Federal Marriage Amendment Debate and Discussion Thread

Discussion in 'Archive: The Senate Floor' started by Darth Mischievous, Feb 24, 2004.

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  1. Jediflyer Force Ghost

    Member Since:
    Dec 5, 2001
    star 5
    Womberty, I would agree with you if the issue was banning sodomy or something like that. However, this issue is about the public endorsing a union. People who do not want to endorse a union are not imposing their views.

  2. womberty Jedi Master

    Member Since:
    Jan 21, 2002
    star 4
    Basically what you are saying is that my beliefs shouldn't matter in a public forum because they are religiously-based, while someone else's beliefs (even if identical to mine) should matter because they are not.

    No; I am saying when your religious-based beliefs contradict the basic principles of freedom and equality, they should be set aside in the interests of freedom.

    I would say the same for beliefs that have any other basis as well. For example, if an environmentalist thinks it would be best that we all stop eating meat, I would ask that they set that belief aside when it comes to deciding what should be put into law.


    EDIT:
    And of course, this is personal opinion on the extent to which a person should let their belief system guide their judgement in supporting laws that govern everyone around them. I realize that not everyone would follow this principle, and that is why we have certain safeguards written into the Constitution to protect our most basic rights.
  3. Kimball_Kinnison Force Ghost

    Member Since:
    Oct 28, 2001
    star 6
    No; I am saying when your religious-based beliefs contradict the basic principles of freedom and equality, they should be set aside in the interests of freedom.

    I would say the same for beliefs that have any other basis as well. For example, if an environmentalist thinks it would be best that we all stop eating meat, I would ask that they set that belief aside when it comes to deciding what should be put into law.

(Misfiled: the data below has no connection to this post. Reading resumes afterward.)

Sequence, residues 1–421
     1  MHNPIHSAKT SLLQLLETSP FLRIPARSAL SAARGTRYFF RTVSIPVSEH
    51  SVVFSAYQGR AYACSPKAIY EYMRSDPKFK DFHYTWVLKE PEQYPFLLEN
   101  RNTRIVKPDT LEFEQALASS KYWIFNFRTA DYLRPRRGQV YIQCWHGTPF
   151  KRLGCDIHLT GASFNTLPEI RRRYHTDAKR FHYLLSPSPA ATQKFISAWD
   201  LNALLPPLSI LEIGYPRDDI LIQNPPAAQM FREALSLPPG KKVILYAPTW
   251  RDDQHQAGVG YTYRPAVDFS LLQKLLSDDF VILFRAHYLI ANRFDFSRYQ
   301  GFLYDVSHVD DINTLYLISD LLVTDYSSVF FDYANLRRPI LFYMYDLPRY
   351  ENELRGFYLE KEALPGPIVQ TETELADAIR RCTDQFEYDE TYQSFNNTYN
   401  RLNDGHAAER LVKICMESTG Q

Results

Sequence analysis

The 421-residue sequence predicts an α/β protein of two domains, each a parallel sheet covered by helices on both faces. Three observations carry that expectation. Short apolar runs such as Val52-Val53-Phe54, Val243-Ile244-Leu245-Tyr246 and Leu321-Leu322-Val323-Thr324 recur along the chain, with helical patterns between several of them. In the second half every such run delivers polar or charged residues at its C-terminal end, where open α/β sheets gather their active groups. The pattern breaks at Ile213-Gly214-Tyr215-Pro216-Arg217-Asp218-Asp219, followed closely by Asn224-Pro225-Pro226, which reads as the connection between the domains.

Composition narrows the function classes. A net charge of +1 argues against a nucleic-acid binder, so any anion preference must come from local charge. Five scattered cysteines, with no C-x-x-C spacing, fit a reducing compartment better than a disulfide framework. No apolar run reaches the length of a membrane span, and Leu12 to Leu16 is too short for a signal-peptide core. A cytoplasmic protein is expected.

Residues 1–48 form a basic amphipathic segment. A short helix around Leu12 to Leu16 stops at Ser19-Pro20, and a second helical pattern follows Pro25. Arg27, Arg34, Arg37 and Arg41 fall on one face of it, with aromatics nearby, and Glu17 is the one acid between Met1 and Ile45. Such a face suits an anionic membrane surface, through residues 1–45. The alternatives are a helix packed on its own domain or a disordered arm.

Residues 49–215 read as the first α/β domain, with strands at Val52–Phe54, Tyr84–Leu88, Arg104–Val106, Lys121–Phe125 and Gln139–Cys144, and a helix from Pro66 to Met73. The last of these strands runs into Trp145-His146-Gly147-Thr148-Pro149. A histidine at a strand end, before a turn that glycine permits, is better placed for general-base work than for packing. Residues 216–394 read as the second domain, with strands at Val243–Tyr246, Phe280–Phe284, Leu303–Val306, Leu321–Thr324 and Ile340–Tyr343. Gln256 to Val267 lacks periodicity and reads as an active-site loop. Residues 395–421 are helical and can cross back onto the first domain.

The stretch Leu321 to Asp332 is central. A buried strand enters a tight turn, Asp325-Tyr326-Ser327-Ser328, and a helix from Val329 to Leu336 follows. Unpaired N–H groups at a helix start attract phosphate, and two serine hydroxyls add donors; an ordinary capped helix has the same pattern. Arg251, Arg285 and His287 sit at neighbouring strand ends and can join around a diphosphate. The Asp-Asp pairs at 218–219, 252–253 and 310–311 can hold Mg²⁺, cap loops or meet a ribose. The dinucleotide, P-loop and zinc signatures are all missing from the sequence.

The problem is that it is not that simple.

    What do you do with your religious beliefs when you know (not simply believe) that something is wrong? If something is wrong, you should oppose it, and stand by your principles, regardless of what others might believe.

    For example, if a person honestly believes that abortion is a form of killing a human being, then it is completely unreasonable to expect them to support it, even if you describe it as a "right" of the mother's. To their beliefs, it is still wrong, and nothing would change that. Should people with such beliefs be forced out of public service? Should they be force to simply stand by whenever such a topic comes up for a vote?

    For many people, they believe that homosexuality is wrong, to the same degree that there are people who believe that abortion is homicide/murder. It is unreasonable to expect that they be required to either sit idly by or support the public recognition of something that they believe is wrong. They have a right for their voice to be heard as well.

    As others have pointed out, there is a difference between allowing homosexual acts to be immune from government interference because of privacy and demanding public recognition and/or acceptance of those acts. You cannot claim that what you do in the bedroom is none of my business, but then require that I (through the government) support it. That is hypocrisy at the least. Either it is none of my business, or it is of public concern/recognition. It can't be both at the same time.

    Kimball Kinnison
  4. womberty Jedi Master

    Member Since:
    Jan 21, 2002
    star 4
    For example, if a person honestly believes that abortion is a form of killing a human being, then it is completely unreasonable to expect them to support it, even if you describe it as a "right" of the mother's.

    But that is still in keeping with the rights to life, liberty, and the pursuit of happiness - specifically, you are saying that the fetus' right to life outweighs the mother's right to abort as part of her right to pursue happiness.